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From: "Marc H.Popek"
Subject: Re: Homebrew Microwave Interferometer
X-Newsreader: Microsoft Outlook Express 5.50.4133.2400
Date: Thu, 28 Nov 2002 17:24:10 GMT
NNTP-Posting-Date: Thu, 28 Nov 2002 17:24:10 GMT
Organization: AT&T Worldnet
James bond movie?
"Rene Tschaggelar" wrote in message
> John Jardine wrote:
> > markthomas77@Hotmail.com wrote in message
> > news:firstname.lastname@example.org...
> >>I am curious if a 10 mw cw x-band microwave radar could be used as a
> >>non contact acoustic vibration sensor? For example: if the transmitted
> >>beam from such a system were aimed at an acoustic target playing music
> >>(stereo) a few feet away and the reflected beam is combined with a
> >>sample of that beam that was sent straight into the mixer, could the
> >>acoustic micro displacements in the i.f. be phase demodulated so that
> >>the audio could be heard and understood?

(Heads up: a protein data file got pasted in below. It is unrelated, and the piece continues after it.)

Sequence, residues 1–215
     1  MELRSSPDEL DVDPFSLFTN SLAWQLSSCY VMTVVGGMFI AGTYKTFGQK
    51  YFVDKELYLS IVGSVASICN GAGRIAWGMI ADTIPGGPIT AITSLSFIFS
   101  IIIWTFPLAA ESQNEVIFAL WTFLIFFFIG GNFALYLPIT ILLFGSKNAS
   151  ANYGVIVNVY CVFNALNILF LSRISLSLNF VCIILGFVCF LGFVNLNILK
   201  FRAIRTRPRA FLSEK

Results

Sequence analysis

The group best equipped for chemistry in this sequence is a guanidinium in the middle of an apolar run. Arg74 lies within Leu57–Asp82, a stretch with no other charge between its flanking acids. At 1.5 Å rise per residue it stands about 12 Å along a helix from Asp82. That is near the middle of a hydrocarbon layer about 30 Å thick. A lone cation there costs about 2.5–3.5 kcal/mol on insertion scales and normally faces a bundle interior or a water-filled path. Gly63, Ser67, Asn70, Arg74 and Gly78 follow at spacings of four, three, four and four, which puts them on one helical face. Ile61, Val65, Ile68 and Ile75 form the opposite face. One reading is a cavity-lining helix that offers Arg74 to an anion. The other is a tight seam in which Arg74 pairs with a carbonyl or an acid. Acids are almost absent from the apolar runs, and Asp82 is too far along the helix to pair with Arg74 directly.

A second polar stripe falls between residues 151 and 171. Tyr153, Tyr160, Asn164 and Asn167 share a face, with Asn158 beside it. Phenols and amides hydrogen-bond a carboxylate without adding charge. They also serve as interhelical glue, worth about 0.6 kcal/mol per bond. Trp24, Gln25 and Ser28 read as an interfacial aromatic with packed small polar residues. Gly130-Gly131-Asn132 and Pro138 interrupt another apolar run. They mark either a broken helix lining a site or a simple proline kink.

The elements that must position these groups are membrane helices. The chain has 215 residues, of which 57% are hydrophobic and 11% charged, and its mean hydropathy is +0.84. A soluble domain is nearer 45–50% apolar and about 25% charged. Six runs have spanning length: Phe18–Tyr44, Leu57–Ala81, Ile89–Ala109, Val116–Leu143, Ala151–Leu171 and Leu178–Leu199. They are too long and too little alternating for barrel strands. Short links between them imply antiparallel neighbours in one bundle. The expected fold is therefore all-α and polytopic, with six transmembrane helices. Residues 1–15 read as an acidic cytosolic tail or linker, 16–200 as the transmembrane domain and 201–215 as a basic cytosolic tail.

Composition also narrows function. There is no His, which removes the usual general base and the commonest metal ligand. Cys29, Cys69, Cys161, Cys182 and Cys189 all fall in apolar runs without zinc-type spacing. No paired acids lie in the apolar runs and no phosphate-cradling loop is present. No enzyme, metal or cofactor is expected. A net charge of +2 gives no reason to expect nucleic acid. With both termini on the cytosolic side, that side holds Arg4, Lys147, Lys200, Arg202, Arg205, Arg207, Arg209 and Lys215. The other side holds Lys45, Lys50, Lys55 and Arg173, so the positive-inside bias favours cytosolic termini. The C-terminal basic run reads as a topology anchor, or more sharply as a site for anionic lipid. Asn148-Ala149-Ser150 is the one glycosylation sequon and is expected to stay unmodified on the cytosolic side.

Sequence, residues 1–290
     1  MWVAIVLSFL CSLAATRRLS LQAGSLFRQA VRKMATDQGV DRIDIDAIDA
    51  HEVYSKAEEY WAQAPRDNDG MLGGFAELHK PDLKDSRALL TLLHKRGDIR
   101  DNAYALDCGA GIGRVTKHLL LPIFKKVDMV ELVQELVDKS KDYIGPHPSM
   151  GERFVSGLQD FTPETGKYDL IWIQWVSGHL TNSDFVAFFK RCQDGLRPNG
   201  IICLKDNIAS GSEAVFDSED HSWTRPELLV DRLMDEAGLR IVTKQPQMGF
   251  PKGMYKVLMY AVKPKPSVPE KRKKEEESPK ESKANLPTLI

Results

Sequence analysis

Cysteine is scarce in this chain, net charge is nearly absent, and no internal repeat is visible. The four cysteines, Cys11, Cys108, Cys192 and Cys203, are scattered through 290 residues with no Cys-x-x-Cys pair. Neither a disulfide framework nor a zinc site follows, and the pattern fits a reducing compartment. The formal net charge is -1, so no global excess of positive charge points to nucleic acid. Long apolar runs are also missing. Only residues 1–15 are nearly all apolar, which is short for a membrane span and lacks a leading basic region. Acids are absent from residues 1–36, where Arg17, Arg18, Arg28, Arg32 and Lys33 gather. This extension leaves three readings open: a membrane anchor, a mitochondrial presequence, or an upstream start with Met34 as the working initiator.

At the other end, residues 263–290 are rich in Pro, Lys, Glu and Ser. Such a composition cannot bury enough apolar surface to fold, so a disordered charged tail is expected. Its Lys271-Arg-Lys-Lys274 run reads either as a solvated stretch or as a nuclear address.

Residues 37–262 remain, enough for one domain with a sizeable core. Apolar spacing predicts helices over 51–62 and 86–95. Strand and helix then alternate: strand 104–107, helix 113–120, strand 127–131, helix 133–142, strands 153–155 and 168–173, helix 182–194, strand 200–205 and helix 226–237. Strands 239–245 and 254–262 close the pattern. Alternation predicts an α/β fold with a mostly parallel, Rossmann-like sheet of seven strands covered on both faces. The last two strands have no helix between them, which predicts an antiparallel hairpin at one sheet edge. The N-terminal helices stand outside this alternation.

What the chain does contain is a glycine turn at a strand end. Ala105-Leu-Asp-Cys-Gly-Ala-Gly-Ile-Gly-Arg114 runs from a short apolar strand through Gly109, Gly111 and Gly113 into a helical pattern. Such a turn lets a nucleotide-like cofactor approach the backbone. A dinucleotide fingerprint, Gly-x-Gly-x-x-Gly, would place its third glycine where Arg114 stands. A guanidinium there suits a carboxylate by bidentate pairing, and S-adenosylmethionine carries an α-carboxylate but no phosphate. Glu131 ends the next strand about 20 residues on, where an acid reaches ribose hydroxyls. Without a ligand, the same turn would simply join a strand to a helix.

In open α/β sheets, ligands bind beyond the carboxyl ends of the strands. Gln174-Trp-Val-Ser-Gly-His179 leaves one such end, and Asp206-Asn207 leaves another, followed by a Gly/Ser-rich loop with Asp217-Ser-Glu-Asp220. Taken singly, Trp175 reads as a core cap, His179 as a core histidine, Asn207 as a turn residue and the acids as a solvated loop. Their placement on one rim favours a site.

> >>How could this be done exactly? Could an audio amp be connected
> >>straight onto the radars mixer pin and reproduce the audio, or would
> >>it require that the phase information be detected in an audio version
> >>of a pll and then amplified? What components would be needed exactly
> >>to connect to the radars microwave mixer pin to acheive this?
> >>I am curious if microwaves can be utilized like lasers can such as
> >>used in the laser listener systems that are well known. There is
> >>unending amounts of information on the laser systems, but none on the
> >>microwave versions. Tia.
> > A 10Ghz 'direct conversion' radar mixer like used on say, the burglar
> > detectors is pushing out 3 centimetre radiation.
> > A surface vibrating at an audio frequency would (I imagine) be moving to
> > fro in the region of a few microns.
> > I'd think that the resulting audio FM at the mixer output (including
> > reflection and path losses) would be too low to usefully recover.
> There was this case where after a certain period of time some embassy
> employees became suspicious of the window cleaners. They came a bit too
> often. They in fact did have a salty solution that was said to be radar
> reflective. I forgot the where and when of this story.
> Ing.Buero R.Tschaggelar - http://www.ibrtses.com
> & commercial newsgroups - http://www.talkto.net
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